If life is a race, all the characters here are lagging behind the leader, just hoping to keep up and find space to breath amidst the density of inevitable heartbreak that comes along with living.
After over a decade hiatus in making work, with “now my hand is ready for my heart” downtown icon, Nicky Paraiso gushes forth while looking back on several lived lives in Nickyworld.
I’m not sure I would call Mrs. Murray’s Menagerie a play, as such, if only because a play suggests an exterior blueprint which is then built or enacted by a group of performers and designers. The Mad Ones appear to build out – they start with what is generally interior, a collection of tiny behavioral tells that shape human intention, and construct around it.
through sharing, repeating, layering, and rephrasing, the company finds a way to both underline and subvert the brutality without explicitly pointing at it.
Since it’s often hard to explain a good piece of theater – as Milo Rau’s Five Easy Pieces, which had its all-too-brief North American premier two weeks ago at the Skirball Center, certainly was – we might as well start with everything this show is
It’s not so much a communing with the dead as an un-containing of the self, casting meaning into the void, hoping perhaps to receive some echo of that meaning back, in the shape of a hug, or song, or strip of tin foil torn from the wall.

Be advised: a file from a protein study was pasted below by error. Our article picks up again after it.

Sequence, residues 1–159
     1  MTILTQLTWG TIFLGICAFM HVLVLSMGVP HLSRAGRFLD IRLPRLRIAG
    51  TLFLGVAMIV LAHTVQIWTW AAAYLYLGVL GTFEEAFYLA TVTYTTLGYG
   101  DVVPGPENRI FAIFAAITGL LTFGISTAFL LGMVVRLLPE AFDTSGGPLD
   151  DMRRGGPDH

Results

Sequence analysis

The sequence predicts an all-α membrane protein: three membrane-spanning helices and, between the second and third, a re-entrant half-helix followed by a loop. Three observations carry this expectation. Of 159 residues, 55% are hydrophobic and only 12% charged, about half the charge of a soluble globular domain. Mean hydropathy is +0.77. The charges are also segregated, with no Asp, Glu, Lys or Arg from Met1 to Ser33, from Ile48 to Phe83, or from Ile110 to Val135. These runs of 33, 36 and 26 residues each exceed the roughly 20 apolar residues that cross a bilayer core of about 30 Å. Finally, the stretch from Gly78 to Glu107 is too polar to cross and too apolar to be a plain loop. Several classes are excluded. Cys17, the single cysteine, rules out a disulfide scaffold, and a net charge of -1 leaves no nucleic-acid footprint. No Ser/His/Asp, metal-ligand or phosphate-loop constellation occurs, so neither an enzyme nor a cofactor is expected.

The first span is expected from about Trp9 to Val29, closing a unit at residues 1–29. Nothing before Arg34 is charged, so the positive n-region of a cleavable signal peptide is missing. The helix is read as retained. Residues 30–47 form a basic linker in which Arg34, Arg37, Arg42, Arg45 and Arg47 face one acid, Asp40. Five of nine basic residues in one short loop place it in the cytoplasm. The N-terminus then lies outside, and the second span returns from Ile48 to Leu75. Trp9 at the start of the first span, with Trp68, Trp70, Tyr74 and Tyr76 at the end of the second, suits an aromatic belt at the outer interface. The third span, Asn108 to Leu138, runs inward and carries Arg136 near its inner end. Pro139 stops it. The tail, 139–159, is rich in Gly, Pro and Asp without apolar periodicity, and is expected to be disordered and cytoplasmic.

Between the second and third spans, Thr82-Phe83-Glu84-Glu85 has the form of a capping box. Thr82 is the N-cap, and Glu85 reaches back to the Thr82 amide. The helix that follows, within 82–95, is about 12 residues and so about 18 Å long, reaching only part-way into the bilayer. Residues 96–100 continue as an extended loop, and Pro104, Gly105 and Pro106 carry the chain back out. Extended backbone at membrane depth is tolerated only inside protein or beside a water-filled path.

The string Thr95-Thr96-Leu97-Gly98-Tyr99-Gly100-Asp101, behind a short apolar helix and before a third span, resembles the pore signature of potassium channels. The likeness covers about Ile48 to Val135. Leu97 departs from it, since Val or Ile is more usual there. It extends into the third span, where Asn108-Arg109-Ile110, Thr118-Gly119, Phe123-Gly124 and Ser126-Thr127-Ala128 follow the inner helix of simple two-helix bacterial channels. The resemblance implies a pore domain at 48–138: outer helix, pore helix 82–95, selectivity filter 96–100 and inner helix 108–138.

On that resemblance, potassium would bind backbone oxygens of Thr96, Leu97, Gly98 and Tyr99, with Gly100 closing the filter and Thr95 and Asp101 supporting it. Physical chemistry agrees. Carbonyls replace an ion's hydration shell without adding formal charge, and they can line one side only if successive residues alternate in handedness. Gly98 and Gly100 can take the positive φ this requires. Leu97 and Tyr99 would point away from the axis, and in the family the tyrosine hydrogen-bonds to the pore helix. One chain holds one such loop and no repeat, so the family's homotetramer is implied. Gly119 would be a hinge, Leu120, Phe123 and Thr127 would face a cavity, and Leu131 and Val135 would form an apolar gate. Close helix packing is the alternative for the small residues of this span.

A very telling moment occurs right at the top of American Juggalo, a new play produced by collective Unattended Baggage, at HERE Arts Center that closed March 3. After a projected slideshow introduces us in the briefest possible way to the Insane Clown Posse, Juggalos,
John Gutierrez writes from inside “This Bridge Called My Ass” from Miguel Gutierrez
Wearing the mask in no way erases the company’s differences, but rather unites them as they all create together on a level playing field.
Michael + Patrick seem to be rebelling against the theater’s ruling class: kitchen sink dramas, heady idea plays, and — worst of all — amusement park attractions masquerading as Broadway musicals. And so Michael + Patrick have created something else, something other.
Tina Satter’s direction and Half Straddle’s pitch-perfect company establish and then maintain an unblinking focus that cuts through the dissipating fog and rewards the audience’s taut attention.
If fantasy has the power to instantiate, and maintain such debilitating power structures, could it also be the very force required to undo them?